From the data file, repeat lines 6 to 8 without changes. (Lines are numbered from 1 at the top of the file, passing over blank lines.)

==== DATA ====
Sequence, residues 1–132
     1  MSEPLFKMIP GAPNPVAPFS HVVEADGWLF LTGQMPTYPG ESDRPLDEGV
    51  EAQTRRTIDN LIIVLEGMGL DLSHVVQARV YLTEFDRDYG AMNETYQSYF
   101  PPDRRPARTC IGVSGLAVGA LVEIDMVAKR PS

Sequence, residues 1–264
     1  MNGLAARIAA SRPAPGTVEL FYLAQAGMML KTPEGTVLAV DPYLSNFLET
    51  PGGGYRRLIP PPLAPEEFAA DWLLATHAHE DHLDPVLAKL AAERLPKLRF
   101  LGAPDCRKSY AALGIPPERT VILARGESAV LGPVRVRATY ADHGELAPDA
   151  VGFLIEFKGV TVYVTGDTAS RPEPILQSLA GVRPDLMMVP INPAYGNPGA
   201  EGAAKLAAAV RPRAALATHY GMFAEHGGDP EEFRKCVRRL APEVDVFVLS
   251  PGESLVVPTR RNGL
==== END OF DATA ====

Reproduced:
     1  MNGLAARIAA SRPAPGTVEL FYLAQAGMML KTPEGTVLAV DPYLSNFLET
    51  PGGGYRRLIP PPLAPEEFAA DWLLATHAHE DHLDPVLAKL AAERLPKLRF
   101  LGAPDCRKSY AALGIPPERT VILARGESAV LGPVRVRATY ADHGELAPDA